The Incredible String Band - 1967 - 5000 Layers of the Onion

Quality: 4.25 out of 5
Trip-O-Meter: 4.25 out of 5

First off, this is one of the most awesome albums ever. I first picked this up while in high school in the mid 90's as it looked to be a notable freak out and I'd heard the band's name spoken of in reverent tones. Unfortunately, I hadn't even gotten to electric freak outs like 'Piper at the Gates of Dawn' yet, and have to admit that I didn't really 'get' this one for years. This is straight up acid-folk, without any electric embellishments. Of our main duo, Mike Heron tends to walk more the Dylan/Donovan continuum, although with his own voice very loud and clear, while Robin Williamson is more like the crazed minstrel hopping out at you from atop a tree in a fog-filled primordial forest (although they admittedly do drift into the other's role on occassion). Both of the excel in writing completely tripped out whimsically British lyrics that make Syd Barrett look like a rank amateur - not that Barrett isn't awesome, but the lyrics of "The Gnome" don't do well when placed next to "The Mad Hatter's Song." Williamson had also recently taken the hippy tour to North African, and sounds from that area abound as well as the sounds of other incredible stringed instruments such as the sitar.

If your ears are open to the folk scene, you'll find this album is packed with absolutely top-notch songwriting. In fact it's far easier to talk about what doesn't quite do it for me. "Blues for the Muse" tries really hard to stretch the 12-bar blues somewhere interesting, but this group still fares much better with the British Isles folk template than the blues. "My Name is Death" take the 'death' concept a bit too literally sonically, and it sort of drags the song down. Although it's only 2:46, it is the longest song on the album (despite some tracks running 5:40 or 4:05 or something; I can type more numbers if you like). Fortunately the list of winners pretty much includes everything else on the album. I particularly dig the first four tracks, "First Girl I Loved," and "You Know What You Could Be." If I ever ran the Renaissance Fair, you'd eat mushrooms instead of a turkey leg, and then you'd listen to this band. There'd also be giant, iron robots there.

Just for a bit of name checking, this set had psych/folk guru Joe Boyd in the producer's chair, and the legendary string bass player Danny Thompson shows up on several tracks. Basically, as far as acid folk goes, this album is setting your rear in the middle of the royal court. And let's just mention that phenomenal album cover one more time. I should get it tattooed on my brain or something. Huh, huh... yeah!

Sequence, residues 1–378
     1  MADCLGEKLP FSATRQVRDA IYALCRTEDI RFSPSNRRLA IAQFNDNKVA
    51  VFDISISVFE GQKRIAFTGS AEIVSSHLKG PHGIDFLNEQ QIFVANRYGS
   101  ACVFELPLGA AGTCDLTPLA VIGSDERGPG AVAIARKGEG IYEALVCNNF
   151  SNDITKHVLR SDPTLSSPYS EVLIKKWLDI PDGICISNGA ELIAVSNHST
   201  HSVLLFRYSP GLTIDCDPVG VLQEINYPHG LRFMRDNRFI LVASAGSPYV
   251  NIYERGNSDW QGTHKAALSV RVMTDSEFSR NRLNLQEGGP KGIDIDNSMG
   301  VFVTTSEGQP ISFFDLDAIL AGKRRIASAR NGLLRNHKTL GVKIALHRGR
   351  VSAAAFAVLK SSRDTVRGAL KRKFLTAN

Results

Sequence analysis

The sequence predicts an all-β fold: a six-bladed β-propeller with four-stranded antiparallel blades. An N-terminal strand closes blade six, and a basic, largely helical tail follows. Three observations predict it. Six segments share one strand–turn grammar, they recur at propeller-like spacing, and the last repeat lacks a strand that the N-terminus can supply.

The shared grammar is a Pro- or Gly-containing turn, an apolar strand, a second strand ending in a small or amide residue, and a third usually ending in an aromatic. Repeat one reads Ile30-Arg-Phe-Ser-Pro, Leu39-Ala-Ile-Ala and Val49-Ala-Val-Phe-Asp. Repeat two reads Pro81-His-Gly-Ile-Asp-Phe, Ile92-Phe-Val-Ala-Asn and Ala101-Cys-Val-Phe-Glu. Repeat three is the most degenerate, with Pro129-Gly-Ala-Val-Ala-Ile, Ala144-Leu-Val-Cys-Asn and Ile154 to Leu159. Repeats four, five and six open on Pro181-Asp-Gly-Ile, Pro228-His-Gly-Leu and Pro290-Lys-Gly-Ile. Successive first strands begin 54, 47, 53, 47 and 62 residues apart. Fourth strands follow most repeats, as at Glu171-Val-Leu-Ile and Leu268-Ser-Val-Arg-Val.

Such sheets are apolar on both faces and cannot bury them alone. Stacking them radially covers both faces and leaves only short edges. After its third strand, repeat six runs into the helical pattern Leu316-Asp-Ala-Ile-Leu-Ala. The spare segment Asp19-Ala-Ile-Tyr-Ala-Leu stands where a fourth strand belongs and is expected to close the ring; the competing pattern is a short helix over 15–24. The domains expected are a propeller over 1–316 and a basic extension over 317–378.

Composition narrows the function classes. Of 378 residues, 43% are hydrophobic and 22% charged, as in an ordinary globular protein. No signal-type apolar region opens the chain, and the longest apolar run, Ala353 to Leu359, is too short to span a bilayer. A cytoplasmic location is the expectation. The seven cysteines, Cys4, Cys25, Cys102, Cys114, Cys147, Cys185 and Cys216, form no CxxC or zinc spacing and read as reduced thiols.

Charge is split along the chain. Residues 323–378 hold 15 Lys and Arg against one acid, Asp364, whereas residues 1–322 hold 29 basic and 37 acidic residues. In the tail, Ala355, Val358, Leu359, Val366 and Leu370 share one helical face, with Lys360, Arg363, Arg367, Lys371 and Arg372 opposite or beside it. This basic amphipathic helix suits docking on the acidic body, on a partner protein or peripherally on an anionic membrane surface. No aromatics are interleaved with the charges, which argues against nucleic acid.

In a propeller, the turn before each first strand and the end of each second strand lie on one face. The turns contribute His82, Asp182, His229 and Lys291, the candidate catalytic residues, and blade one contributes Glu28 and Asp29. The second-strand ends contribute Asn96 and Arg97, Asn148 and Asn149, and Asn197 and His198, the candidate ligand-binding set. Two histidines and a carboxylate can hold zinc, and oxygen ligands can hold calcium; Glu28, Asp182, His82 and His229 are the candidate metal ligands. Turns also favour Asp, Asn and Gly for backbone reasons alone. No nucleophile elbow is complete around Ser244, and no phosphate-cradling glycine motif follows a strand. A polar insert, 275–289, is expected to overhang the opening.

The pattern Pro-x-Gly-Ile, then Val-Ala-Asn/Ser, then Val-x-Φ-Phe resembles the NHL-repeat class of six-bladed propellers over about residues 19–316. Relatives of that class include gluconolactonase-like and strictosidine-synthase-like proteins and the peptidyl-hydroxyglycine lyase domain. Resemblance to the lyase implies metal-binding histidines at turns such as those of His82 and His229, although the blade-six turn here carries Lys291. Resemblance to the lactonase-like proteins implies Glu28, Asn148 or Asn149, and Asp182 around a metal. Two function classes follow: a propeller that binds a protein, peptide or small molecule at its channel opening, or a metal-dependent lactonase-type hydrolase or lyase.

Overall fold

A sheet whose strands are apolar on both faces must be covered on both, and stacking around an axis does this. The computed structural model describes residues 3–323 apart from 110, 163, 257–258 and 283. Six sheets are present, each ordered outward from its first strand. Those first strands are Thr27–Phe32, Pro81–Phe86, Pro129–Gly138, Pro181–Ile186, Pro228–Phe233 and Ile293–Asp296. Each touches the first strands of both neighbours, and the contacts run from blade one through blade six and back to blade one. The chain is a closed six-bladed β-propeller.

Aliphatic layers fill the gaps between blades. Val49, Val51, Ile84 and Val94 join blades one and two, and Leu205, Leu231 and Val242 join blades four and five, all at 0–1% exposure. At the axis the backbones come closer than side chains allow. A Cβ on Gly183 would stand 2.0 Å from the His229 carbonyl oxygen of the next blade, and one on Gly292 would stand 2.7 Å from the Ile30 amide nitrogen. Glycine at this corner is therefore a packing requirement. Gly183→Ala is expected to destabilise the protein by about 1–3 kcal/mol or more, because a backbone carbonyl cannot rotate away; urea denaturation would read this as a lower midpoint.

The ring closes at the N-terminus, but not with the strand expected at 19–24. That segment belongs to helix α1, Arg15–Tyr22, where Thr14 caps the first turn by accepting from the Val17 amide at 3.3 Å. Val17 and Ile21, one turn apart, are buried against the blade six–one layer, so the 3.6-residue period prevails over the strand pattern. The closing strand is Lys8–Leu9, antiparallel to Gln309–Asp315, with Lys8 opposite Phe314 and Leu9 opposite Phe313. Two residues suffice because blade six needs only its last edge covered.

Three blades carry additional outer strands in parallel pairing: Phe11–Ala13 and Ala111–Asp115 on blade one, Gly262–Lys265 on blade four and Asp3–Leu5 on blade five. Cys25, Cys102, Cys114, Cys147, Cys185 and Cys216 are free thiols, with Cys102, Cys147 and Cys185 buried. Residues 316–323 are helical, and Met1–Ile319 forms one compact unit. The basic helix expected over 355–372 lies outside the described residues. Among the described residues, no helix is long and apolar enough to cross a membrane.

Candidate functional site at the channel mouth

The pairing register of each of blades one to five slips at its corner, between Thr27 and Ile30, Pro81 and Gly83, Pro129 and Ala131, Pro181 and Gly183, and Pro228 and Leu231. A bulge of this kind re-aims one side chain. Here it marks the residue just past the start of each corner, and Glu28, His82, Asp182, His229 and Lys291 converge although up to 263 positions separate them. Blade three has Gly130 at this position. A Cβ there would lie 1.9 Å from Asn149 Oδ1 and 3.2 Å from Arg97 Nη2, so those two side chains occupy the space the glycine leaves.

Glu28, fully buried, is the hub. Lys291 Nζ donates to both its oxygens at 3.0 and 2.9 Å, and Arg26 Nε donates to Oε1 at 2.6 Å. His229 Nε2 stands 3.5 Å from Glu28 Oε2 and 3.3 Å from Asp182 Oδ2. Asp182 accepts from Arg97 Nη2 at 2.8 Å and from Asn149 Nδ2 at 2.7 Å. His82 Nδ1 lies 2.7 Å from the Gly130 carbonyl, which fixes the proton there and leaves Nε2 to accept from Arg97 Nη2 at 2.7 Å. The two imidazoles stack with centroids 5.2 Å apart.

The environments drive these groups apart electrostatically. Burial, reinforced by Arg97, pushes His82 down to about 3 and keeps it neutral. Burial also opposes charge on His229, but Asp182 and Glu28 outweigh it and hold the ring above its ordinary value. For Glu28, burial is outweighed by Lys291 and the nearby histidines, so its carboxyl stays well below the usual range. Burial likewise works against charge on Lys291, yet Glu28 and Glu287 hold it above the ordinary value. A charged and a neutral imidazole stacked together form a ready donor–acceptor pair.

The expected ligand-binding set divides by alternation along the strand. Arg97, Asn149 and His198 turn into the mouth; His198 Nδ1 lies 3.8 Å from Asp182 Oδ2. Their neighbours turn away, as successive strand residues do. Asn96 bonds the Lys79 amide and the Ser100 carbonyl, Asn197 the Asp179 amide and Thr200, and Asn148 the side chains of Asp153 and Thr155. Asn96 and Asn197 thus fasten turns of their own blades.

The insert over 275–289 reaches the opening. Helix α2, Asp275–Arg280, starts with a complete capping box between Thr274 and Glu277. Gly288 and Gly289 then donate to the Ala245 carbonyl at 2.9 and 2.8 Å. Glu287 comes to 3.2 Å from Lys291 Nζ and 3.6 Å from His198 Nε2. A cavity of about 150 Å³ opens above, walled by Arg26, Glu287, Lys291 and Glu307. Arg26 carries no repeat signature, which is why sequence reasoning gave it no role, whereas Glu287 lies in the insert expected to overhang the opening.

11 July 2011

Kimio Mizutani - 1970 - A Path Through Haze

Quality: 4.25 out of 5
Trip-O-Meter: 4.25 out of 5

I'm a little hesitant when I come across the term 'prog rock.' When musicians can work it towards a spacey groove rather than multi-suite wankery, though, that form of music does get my attention. With that in mind, we'll peg this one as a 'prog rock' classic. Kimio Mizutani was a psych rockin' session guitarist who created this album for his solo debut. He's got pretty awesome chops, and collaborated with some classical chamber groups on this album. Typically, the classical prog turns me away as well, but the band is smart enough to respond to the more orchestrated moments with a jazz vibe. Even Frank Zappa, who often recorded this way as well, tended to miss the point when he'd have his guitarists play rapid-fire walls of intricate guitar when a melodic solo would have done nicely. Mizutani doesn't make this mistake.

This set starts with several awesome tunes. The opening title track does indeed provide some nice jazzy haze, cut straight through with a monster riff from Mizutani's guitar supported by some groovy, Ginger Baker-like drums and streams of strange electronic noise. Once "Sail in the Sky" gets going, we're treated to a fusion vibe which features a very complementary woodwind arrangement. "Turning Point" sounds surprisingly like the post-rock band Tortoise, who wouldn't start recording until about 25 years after this album was released. "One for Janis" might not be the best tune for Janis, but it does give us another riff monster which is pretty fun. On the lesser side "Tell Me What You Saw" veers into hamfisted atonality which actually sounds pretty much the same as Phish jamming (although I'm sure that's a positive point for some of you), and "Way Out" doesn't tend to fit in very well as the only track with vocals. It comes out sounding like early-Return to Forever's vocalist stumbling into a funeral as the music is rather dirge-like.

Yeah, so this is prog-rock that I can be down with. The jazz vibe seems beamed in from the Canterbury scene, while the construction recalls Zappa, although without the 'too many notes' problem. Also, Mizutani is more than sharp enough to have a few of his own tricks up his sleeve and his guitar playing is psychedelically impeccable.

Kalyani Roy and Ali Ahmed Hussein - 1968 - Soul of India